August 11, 2015
Trying to figure out a way to consolidate student loans? Here are some fundamentals to consider when comparing options.
1. There are basically two ways to consolidate:
- Federal Direct Loan Consolidation: This program is supported by the federal student loan program, and specifically for federal student loans. Private student loans are not allowed to be added to a federal student loan consolidation.
- Private Student Loan Consolidation: Private student loan consolidations are issued by credit unions, banks and other financial institutions. They are able to include both private and federal student loans together.
2. Either option can offer benefits that borrowers need to understand
- Federal Direct Loan Consolidation Pros:
- The federal loan program offers guarantees for approval and removal of debt in cases of death or permanent disability (but not in bankruptcy).
- It can provide an income based repayment program that reduces the minimum monthly payment to a percentage of income.
- Public service loan forgiveness can allow borrowers to have federal loans discharged after 10-years at a qualified job.
- Federal Direct Loan Consolidation Cons:
- The federal loan program is unable to actually reduce the interest rate. Instead, it uses a weighted average of all federal interest rates combined.
- Federal consolidation cannot include private loans in the program
- Extended loan terms under Income Based Repayment or Pay As You Earn may cost more in total interest to repay
- Debt forgiveness is a taxable event (unless qualified for public service loan forgiveness with certain government or non-profit jobs)
- Private Student Loan Consolidation Pros:
- Can provide a lower rate through refinancing student loan
- May combine many federal and private loan applications into one application
- Cosigner options available to help for credit approval
- Private student Loan Consolidation Cons:
- No income based repayment options
- No guaranteed approvals on credit based applications. No guaranteed discharge in death or permanent disability
- Not eligible for Public service loan forgiveness
- Federal Student Loan Consolidation: This program only offers a fixed rate based on the weighted average of all federal loans being combined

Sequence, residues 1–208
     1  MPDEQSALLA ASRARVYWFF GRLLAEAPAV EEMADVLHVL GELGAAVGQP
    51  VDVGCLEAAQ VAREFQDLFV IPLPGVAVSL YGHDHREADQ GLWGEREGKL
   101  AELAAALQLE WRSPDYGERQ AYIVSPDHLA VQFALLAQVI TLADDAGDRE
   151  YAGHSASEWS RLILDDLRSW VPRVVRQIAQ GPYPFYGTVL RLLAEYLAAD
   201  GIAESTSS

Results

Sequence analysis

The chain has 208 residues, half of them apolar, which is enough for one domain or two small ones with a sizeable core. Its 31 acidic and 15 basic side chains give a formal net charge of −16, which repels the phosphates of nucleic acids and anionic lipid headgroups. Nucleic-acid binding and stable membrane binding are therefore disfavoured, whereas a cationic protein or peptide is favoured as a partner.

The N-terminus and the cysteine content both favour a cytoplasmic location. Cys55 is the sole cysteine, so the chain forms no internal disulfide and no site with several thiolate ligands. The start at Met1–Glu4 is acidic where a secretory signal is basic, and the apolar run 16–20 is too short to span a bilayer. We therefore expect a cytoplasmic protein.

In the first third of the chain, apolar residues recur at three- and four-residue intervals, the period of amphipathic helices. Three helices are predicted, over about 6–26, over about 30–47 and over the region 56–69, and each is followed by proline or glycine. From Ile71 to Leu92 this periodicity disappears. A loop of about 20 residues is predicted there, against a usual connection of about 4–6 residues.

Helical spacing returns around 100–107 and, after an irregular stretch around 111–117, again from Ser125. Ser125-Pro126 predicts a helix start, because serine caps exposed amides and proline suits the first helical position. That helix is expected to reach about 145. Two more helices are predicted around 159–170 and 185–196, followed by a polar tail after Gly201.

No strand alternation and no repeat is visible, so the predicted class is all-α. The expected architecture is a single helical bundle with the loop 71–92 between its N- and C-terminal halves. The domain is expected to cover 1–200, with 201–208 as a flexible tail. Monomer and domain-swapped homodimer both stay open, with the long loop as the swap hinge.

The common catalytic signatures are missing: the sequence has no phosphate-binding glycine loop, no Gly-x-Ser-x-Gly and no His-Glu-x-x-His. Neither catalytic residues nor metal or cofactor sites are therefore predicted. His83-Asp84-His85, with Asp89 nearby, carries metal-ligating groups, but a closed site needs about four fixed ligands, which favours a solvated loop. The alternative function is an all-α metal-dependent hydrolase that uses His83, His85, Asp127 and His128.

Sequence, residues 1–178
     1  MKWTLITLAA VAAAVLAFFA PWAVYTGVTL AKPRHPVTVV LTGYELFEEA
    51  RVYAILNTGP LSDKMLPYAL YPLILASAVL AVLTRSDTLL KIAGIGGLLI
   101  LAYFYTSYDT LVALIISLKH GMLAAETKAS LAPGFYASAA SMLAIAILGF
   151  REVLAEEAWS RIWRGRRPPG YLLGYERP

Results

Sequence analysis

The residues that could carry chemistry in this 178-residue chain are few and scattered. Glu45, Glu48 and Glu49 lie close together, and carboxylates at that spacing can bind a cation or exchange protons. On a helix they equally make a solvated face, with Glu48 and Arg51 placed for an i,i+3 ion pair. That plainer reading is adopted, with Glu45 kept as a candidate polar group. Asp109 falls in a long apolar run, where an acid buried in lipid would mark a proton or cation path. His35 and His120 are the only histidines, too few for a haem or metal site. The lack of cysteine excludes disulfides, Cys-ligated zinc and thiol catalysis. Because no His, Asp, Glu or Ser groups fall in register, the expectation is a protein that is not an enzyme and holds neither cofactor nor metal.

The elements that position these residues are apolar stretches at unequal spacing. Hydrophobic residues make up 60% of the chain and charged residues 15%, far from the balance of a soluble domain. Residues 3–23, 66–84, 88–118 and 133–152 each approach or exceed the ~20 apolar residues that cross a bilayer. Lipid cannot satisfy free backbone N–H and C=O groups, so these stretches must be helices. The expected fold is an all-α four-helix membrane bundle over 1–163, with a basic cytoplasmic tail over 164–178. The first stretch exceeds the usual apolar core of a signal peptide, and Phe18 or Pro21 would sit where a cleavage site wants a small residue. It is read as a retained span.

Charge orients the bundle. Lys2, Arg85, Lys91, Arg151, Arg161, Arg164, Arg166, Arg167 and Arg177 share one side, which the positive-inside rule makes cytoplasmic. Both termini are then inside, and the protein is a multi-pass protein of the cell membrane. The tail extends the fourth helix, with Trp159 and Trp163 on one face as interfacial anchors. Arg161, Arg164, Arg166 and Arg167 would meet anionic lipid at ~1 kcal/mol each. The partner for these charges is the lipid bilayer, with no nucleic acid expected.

- Pro: Fixed rate does not change, cannot increase in the future.
- Con: Cannot earn a rate reduction. No reward for Good Credit in the Federal Loan Program.
- Private student loan consolidation: These programs may offer a fixed or variable rate depending on the program, check for details.
- Pro: A variable rate may offer a much lower rate, saving more money each month.
- Con: Variable rates are subject to change and may increase in the future, costing more each month.
4. One more thing about interest rates: Most people obsess over interest rates. While it is important, take a step back and look at the big picture. The real questions that need to be answered are “How Much will this cost to repay?” and “How much time until I am student loan debt free?” Gameplan your solution around answering those questions to help find the best option.
Please note that the information provided on this website is provided on a general basis and may not apply to your own specific individual needs, goals, financial position, experience, etc. LendKey does not guarantee that the information provided on any third-party website that LendKey offers a hyperlink to is up-to-date and accurate at the time you access it, and LendKey does not guarantee that information provided on such external websites (and this website) is best-suited for your particular circumstances. Therefore, you may want to consult with an expert (financial adviser, school financial aid office, etc.) before making financial decisions that may be discussed on this website.
April 20, 2022
Student Loan Refinancing Options
Pros and Cons of Student Loan Refinancing
April 15, 2022
College Planning & Financial Aid
Should I Attend a Two-Year College?
February 16, 2022